Iran is not the only victim of UAE lobbying. In the past few years, President Trump has backed Libyan warlord General Khalifa Haftar in his assault against the United Nations-recognized interim government in Tripoli. The New York Times has reported that the Trump administration is working to label the Muslim Brotherhood, a longstanding pan-Islamic group that has stood in multiple Egyptian elections, a terrorist organization. The administration has also labeled the Iranian Revolutionary Guard a terrorist organization; the first time a foreign government’s military has been so designated by the United States. Former National Security Advisor John Bolton was itching to provoke a war with Iran, claiming that when Iranian-backed groups like the Houthis attack oil pipelines in Saudi Arabia, Iran was effectively threatening U.S. interests.
For the last 4 years, the Trump regime has put a for sale sign on the front lawn of the Whitehouse and peddled US policy in exchange for hard cash. Kushner has found new investors in big real estate projects and Trump has positioned himself so he can access these same pools of cash in his businesses when he leaves Washington. Perhaps I am naive, but such blatant sale of US foreign policy – against US national interests – has never been so evident in the past.
Its time to truly re-evaluate the ‘reasons’ why Iran has become a pariah in Washington. Don’t get me wrong, but I do NOT support the mullahs in Tehran. But in some ways, the continuation of the regime in Tehran, and the existence of sanctions serves the interests of others (America’s big spending so called Allies) – NOT the US nor Iran.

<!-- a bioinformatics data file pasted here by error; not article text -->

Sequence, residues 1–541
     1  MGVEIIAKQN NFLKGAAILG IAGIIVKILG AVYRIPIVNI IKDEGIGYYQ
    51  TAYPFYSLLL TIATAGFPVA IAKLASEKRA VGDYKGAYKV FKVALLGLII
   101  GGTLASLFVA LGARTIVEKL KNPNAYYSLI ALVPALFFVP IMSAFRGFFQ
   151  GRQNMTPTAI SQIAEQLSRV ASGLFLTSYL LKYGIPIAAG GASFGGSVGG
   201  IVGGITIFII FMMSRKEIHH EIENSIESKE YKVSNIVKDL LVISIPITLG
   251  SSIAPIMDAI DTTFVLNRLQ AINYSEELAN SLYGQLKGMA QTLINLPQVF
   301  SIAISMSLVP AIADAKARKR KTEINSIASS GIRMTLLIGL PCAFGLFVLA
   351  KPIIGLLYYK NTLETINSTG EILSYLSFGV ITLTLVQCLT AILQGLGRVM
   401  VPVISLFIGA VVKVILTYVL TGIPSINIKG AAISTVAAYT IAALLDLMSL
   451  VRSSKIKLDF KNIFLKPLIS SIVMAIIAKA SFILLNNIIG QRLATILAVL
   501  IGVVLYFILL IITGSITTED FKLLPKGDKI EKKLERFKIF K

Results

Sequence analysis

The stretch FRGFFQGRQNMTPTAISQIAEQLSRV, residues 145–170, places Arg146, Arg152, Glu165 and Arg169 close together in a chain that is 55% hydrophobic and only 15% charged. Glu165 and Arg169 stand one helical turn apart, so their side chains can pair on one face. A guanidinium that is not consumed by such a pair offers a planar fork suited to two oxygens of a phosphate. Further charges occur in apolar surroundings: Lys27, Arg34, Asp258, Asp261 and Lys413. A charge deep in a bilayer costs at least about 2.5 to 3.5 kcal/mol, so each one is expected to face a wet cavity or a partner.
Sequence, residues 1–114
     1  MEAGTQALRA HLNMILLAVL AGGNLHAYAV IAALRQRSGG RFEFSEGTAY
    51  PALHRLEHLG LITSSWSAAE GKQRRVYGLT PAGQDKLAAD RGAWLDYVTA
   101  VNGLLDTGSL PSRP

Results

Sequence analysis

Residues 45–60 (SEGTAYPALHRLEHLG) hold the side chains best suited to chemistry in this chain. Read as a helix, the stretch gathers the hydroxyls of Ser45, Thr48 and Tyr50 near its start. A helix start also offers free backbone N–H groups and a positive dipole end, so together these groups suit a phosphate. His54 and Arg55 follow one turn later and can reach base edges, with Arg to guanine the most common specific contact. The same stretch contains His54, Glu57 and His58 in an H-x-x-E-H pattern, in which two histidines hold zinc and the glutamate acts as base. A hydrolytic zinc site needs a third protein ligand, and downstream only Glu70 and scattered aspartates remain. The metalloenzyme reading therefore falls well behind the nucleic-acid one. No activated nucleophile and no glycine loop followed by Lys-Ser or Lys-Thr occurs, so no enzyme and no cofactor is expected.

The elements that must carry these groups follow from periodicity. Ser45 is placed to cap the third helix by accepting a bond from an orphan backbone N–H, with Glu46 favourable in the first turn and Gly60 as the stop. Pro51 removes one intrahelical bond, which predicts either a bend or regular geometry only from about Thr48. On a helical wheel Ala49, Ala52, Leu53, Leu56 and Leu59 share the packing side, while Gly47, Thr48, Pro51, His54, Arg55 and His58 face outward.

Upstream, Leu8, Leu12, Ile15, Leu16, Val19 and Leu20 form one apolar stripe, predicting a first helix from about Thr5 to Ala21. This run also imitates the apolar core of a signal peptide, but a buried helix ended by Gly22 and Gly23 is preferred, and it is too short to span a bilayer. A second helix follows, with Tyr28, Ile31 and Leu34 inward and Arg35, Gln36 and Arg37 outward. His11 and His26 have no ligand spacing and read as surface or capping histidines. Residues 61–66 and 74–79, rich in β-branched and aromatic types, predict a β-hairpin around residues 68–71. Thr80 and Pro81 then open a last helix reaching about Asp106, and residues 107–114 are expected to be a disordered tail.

The UAE is genuinely scared. In an opinion piece published by Al Jazeera this week, they openly agreed, “that thanks to the U.S. shale boom and Middle Eastern oil’s disappearance from the Western powers’ list of priorities, (Persian) Gulf countries are becoming increasingly “vulnerable to Iran.”
It really isn’t rocket science for everyone to appreciate that the US has no real interests in the region and needs to back out of the mess. And that normalizing with Iran is in the US national economic interests. The UAE knows this, and as a result recently normalized relations with Israel – who in turn agreed to provide some security assurances to them. The writing is on the wall.
Let me sign off by saying, I remember fondly, cycling past Tehran’s Intercontinental Hotel and seeing regular fleets of Pan Am air stewards stepping out of minivans in the 70’s. There was a time, when US industry and politicians fully appreciated Iran’s value as a friend, as an ally, as a partner, as a hub.
Its amazing how the truth gets twisted by those with nefarious and self-driven interests… with money to throw around…like these Arabs.